The Kindle Lending Library needs a pay-for-performance model, not a flat fee.
For Amazon's new lending program to be mutually beneficial, the flat-fee compensation model needs to be replaced by a usage spectrum: The more a title is borrowed, the higher the fee to the publisher and author.
A former author uses data and software to take the tedium out of some kinds of writing.
You scale content businesses by increasing the number of people who create the content … or so conventional wisdom says. Learn how a former author is using software to simulate and expand human-quality writing.
Inside the Library of Congress' Twitter archive, 10 ways to botch a mobile app, the story behind Velocity '11
This week on Radar: We checked in on the Library of Congress' Twitter archive, Ken Yarmosh revealed 10 ways to screw up a mobile app, the story behind Velocity 2011 was told, Steve Souders discussed mobile optimization, and we wondered if readers would fund their favorite authors.
Ben Huh has a fling with news, checking in on the Twitter archive, and readers can now fund authors directly.
In the latest Publishing News: Ben Huh dishes on news organizations moving in the right direction; one year later, the Library of Congress' Twitter Archive is still being built; and the Unbound.co.uk publishing platform launched with some big-name authors.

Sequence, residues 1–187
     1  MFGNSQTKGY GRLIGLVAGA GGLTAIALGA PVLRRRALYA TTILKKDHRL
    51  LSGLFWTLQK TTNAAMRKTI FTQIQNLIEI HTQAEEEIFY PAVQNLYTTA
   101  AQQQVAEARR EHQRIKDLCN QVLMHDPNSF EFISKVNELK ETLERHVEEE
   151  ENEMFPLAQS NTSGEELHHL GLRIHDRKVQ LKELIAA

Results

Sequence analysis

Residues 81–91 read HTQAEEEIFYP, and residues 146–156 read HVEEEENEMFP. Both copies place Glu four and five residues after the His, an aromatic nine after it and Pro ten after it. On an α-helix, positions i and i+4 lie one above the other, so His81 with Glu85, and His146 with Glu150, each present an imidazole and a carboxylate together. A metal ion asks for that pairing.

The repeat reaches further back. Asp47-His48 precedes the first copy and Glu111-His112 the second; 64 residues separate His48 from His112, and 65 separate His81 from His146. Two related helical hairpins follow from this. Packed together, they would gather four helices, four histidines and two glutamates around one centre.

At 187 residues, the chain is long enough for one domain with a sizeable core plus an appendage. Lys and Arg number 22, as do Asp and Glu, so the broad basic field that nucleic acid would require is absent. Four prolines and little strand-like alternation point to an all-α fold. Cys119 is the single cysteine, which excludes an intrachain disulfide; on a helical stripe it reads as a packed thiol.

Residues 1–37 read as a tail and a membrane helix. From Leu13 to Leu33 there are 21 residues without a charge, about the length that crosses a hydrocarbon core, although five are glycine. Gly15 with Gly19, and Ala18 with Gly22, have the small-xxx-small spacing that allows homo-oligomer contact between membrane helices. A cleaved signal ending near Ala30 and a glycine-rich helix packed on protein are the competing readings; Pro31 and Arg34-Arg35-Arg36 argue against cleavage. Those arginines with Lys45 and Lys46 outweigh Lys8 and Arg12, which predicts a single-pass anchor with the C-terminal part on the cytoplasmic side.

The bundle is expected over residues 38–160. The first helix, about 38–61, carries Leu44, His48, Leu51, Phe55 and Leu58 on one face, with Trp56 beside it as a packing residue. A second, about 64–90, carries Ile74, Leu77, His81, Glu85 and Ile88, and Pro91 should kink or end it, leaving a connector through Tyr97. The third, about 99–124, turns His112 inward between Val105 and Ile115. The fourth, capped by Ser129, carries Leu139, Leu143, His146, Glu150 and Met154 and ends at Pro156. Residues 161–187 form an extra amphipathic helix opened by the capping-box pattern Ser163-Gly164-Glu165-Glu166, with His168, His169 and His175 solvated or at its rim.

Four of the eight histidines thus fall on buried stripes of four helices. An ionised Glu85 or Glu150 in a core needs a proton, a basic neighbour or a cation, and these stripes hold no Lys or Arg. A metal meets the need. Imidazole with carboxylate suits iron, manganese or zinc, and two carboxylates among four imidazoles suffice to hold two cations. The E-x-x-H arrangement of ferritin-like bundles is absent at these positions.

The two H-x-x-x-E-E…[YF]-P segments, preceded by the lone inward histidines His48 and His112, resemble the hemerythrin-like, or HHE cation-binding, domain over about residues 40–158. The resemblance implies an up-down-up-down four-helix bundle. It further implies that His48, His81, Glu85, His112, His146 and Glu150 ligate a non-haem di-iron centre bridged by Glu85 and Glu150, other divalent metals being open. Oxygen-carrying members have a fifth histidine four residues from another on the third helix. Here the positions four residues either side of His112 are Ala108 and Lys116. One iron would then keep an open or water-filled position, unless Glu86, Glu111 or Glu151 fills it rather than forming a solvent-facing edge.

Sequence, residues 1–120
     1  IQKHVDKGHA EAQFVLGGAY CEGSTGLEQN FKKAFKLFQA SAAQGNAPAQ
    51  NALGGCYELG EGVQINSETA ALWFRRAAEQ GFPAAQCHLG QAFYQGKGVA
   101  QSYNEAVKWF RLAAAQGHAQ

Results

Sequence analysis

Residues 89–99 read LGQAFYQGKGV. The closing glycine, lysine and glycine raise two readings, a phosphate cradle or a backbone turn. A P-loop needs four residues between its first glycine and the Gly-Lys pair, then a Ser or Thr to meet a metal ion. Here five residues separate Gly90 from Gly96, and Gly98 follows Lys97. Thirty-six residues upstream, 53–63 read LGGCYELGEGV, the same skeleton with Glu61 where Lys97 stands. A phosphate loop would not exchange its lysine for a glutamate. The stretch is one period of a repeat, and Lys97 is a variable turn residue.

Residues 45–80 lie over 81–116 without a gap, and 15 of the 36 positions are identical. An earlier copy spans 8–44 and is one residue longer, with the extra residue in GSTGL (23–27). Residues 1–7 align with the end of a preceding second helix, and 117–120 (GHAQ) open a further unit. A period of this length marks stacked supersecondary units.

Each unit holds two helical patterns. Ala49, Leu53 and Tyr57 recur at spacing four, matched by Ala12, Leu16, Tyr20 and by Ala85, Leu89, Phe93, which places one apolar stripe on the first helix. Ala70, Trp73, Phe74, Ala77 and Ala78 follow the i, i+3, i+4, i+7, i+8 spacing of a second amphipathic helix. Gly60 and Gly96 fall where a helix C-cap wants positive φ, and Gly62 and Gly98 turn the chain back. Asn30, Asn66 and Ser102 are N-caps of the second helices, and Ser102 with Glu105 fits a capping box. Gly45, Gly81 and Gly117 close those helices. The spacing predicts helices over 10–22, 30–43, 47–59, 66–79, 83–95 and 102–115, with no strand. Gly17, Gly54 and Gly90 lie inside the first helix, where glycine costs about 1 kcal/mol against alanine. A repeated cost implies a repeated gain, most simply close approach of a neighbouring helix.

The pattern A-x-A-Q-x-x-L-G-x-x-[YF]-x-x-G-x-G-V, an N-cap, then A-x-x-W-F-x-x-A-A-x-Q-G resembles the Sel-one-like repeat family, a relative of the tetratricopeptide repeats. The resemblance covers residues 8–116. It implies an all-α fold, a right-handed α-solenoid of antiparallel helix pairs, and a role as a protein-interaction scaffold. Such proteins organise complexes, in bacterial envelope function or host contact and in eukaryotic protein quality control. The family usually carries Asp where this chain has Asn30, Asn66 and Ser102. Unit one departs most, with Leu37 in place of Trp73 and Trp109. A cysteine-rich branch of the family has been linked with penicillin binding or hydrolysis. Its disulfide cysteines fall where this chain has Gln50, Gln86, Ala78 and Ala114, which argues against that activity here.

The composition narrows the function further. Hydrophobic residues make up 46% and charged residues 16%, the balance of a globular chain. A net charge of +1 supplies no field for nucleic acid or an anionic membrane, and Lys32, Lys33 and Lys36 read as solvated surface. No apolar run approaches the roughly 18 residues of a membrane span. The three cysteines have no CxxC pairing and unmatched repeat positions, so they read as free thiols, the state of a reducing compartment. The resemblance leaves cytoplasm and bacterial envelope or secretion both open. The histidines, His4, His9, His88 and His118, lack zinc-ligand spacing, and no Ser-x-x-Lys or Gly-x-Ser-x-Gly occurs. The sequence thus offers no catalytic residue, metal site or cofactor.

Dana Newman on how a separate copyright case relates to Google Books.
The Google Books ruling raised an interesting question in regard to copyright. If Congress is to be the judge on that issue, will further negotiations be affected by the ongoing Golan v. Holder copyright case?
Margaret Atwood offers a blunt assessment of author merchandise.
Some contend authors can mimic rock bands and earn revenue through merchandise. Margaret Atwood, an author who's dabbled in merchandising, has some choice thoughts on that subject.
O'Reilly editors examine the role of traditional publishers in light of Amanda Hocking's independent success.
News of author Amanda Hocking achieving success without the help of a traditional publisher led O'Reilly editors to question the purpose and future of publishers. This post collects excerpts from a recent back-channel conversation.
Dana Newman on how authors can best embrace the e-pocalypse.
Dana Newman, a transactional and intellectual property attorney, on how authors should change behaviors and actions to protect themselves in — and make the most of — the digital age.
Amidst disruption, publishing still relies on research, sales, authoring, and curation.
Three days of intensive discussion about the current state of publishing at TOC 2011 revealed that research, sales, authoring, and curation are all still important skills.
Margaret Atwood brought an author's perspective and deadpan humor to TOC 2011.
At TOC 2011, Margaret Atwood reminded publishers that as they blithely move into digital they'd be wise to remember authors. Plus: Why you might want to invest in a lead-lined safe.